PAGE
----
The Křivoklát Region
Christmas 1100 was the last one for prince Břetislav II. from the ruling kin Přemyslovci. When he was coming back from the hunt in the woods around Křivoklát, he was attacked in the hollow way near Zbečno by the murderer Lorek who was hired by the enemy kin Vršovci. Břetislav II. died in two days. On the spot, where according to the legend Lorek stabbed the prince, people built a village chapel which still stands there.
The Přemyslovci kin did not lose their love for the Křivoklát region after Břetislav´s violent death, though. It was probably the king Přemysl Otakar II. called “iron and golden“ who built a small hunting castle above the Rokytka Brook which is called the Rakovnický Brook today. Thanks to the next generations of Czech kings this hunting castle became the magnificent Křivoklát castle – a pearl in the crown of Czech sights, a jewel of gothic architecture and the stage of famous historical stories: the birth of Markéta, the first daughter of the later emperor and “country´s father“ Karel IV. (Charles IV.); the secret love of the prince Ferdinand Tyrolský and the beautiful merchant´s daughter Filipína Welser or the jail of the English alchemist Edward Kelly and the bishop of Bohemian Brethen Jan Augusta who spent in the feared Křivoklát´s jail long 16 years.
Before the Czechoslovak state bought the castle in 1920s, it had belonged to the aristocratic Fürstenberk kin. During that time the Křivoklát region had flourished. There are many things that still reminds us of the Fürstenberks – the most important ones are the endless forests (the Fürstenberks employed many of the best specialists of their time who took care of these forests), the monumental memorial of the prince Karl Egon II. of Fürstenberk and the Křivoklát castle itself which the Fürstenberks built again from the ruins that remained after the great fire in 1826.
Originally the castle in Lány also belonged to the Fürstenberks property together with Křivoklát but in 1921 they sold it to the Czechoslovak state as the future summer residence of the first Czechoslovak president T. G. Masaryk. The castle officially became the president´s summer residence the same year because the president T. G. Masaryk fancied the Křivoklát region as much as the Přemyslovci kin did almost a thousand years earlier. Lány was the second home for T. G. Masaryk and after his abdication he spent there the rest of his life and he is buried there together with his wife Charlotte, his son Jan and his daughter Alice.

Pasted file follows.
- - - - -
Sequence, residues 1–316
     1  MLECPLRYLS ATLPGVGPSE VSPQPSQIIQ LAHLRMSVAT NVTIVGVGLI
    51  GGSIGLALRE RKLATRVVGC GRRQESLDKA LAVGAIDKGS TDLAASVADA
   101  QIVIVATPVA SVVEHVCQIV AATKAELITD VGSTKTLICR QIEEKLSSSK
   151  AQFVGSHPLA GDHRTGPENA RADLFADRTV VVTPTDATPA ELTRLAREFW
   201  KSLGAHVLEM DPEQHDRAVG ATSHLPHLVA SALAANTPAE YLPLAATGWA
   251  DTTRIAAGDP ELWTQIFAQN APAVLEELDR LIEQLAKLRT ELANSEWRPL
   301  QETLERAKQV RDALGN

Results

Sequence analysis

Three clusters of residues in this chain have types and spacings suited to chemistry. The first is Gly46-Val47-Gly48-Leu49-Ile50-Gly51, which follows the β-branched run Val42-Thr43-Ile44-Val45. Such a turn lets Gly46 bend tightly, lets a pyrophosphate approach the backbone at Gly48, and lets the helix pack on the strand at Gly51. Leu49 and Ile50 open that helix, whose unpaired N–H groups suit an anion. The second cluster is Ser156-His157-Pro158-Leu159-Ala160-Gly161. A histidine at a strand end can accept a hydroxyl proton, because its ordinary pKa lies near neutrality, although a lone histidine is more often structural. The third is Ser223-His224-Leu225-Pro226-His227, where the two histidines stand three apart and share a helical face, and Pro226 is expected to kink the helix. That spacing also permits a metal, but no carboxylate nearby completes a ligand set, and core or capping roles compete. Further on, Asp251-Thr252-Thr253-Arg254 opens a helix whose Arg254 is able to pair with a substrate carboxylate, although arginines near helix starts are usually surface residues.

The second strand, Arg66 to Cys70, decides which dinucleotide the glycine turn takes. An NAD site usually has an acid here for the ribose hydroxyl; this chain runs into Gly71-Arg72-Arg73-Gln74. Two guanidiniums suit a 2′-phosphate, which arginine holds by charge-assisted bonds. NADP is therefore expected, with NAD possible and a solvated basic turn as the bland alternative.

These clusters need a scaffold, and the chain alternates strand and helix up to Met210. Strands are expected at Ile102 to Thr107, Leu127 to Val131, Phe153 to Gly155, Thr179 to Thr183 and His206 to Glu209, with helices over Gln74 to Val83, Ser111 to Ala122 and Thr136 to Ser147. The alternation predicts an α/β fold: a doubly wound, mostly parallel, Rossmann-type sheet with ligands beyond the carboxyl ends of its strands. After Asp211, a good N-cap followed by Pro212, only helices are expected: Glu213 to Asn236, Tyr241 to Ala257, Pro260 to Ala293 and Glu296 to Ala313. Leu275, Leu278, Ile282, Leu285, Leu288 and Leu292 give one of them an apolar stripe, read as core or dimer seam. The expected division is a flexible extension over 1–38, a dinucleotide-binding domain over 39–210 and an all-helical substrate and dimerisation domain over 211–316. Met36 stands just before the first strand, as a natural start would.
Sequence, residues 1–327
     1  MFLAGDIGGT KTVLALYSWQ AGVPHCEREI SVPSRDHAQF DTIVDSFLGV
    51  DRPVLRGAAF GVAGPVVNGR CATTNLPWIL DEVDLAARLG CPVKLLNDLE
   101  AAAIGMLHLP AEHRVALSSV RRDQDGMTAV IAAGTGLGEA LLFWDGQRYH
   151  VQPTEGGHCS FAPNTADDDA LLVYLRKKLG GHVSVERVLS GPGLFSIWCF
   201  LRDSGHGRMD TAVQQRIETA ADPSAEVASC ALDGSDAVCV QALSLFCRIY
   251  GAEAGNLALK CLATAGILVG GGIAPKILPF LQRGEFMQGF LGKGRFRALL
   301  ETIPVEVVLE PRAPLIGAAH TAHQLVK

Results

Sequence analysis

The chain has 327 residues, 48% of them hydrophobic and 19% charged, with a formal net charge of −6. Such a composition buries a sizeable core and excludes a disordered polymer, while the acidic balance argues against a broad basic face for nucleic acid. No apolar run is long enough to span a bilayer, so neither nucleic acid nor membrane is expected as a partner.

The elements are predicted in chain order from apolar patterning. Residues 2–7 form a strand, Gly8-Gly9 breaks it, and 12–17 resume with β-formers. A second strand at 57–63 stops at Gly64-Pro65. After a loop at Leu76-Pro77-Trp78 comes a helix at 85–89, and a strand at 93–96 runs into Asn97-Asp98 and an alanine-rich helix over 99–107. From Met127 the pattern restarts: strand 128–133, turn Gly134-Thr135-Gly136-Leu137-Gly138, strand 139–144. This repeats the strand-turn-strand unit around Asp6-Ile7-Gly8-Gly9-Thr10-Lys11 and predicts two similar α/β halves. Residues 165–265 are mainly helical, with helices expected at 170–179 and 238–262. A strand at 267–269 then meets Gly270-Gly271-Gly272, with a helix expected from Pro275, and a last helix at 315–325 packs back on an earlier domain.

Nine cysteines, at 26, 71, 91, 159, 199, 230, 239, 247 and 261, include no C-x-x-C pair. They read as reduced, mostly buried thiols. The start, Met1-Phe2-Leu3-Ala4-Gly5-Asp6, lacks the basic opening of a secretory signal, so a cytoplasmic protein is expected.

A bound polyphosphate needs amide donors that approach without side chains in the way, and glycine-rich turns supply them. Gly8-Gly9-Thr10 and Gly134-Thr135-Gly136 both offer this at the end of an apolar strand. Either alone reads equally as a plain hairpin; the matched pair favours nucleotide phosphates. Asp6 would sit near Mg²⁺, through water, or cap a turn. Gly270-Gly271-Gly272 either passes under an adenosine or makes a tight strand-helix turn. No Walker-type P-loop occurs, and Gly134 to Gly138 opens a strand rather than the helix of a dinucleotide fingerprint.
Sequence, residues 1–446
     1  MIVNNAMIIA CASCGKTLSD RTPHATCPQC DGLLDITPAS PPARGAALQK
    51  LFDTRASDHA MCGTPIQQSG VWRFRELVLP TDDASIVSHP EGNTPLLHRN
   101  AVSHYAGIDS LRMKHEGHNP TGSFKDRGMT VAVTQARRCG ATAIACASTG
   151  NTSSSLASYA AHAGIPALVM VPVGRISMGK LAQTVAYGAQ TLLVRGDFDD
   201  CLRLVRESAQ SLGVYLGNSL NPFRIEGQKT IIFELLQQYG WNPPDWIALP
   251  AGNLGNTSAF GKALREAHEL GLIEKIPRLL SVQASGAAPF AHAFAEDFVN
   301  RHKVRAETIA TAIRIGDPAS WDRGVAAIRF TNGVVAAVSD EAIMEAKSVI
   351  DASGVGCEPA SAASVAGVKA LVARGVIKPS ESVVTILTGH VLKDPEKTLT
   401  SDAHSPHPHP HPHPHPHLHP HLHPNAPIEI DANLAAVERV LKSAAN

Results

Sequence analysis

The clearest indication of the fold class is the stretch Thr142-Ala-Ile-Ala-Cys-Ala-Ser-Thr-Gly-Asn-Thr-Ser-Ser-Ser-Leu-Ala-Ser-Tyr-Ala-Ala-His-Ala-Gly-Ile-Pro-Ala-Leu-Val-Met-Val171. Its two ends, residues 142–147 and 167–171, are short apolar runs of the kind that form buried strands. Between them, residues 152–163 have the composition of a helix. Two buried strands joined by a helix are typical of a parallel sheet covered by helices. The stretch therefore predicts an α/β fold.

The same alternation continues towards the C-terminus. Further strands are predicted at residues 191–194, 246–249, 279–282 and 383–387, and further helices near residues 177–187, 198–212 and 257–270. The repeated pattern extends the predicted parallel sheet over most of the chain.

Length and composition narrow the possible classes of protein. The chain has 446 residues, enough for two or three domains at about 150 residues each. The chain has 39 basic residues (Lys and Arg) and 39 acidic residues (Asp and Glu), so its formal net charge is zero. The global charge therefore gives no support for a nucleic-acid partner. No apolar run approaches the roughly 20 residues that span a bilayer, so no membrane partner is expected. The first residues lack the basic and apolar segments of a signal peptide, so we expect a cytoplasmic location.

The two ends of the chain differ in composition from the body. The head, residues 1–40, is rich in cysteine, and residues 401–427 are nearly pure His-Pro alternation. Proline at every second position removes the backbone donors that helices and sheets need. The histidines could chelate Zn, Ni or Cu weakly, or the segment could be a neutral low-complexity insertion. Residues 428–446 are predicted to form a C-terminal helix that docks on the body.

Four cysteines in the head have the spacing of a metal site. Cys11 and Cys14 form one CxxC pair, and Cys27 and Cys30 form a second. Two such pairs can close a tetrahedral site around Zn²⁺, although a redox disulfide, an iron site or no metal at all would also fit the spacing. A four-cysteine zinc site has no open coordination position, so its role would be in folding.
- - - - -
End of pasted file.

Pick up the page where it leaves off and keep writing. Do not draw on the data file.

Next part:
One of the last Masaryk´s trips from Lány lead to the castle Krakovec in March 1937. At this castle Master Jan Hus spent several months in 1414 and there he also wrote his testament awaiting his martyr´s death before he went to Kostnice. This gothic castle, called the last castle in Bohemia for its exceptional architecture, became desolate after a fire at the end of the 18th century. It wasn´t a proud aristocratic residence anymore but it started to attract romantic souls including the poet K. H. Mácha who visited Krakovec among the other old castles of the Křivoklát region. He didn´t visit Jinčov – the smallest royal castle in Bohemia but he twice visited the ruins of the royal castle Týřov which was built according to the impregnable French castles in the 13th century. Similarly to this author of the famous poem “Máj“ (May) who wandered through this region two hundred years ago, people return to Týřov today to enjoy the view of Skryje which became famous thanks to the fossils of prehistoric animals called ´trilobiti´ (they were discovered near this village by the French researcher Joachim Barrande), the view of Týřovice where the popular non-fiction writer Miroslav Ivanov used to live and write, the view of the river Berounka – the beautiful and beloved river of the writer Ota Pavel whose stories from this region still entertain and move the readers to tears or the view of the deep woods above the brook Oupoř where the elusive poacher Fous used to hunt and which are the home of Dyma, the guarding ghost of Křivoklát´s woods whose coming is announced by the mist going up from the woods after a storm.
The Křivoklát region, which was proclaimed a gene bank of wood species by UNESCO in 1977 and a protected landscape area a year later, is a popular place of film makers who shot films for example with Angelina Jolie, Matt Damon or Elijah Wood there. The makers of the new film adaptation of the medieval love romance Tristan and Isolde even said that they travelled through the whole Europe but they found the most mysterious and romantic woods in the Křivoklát region.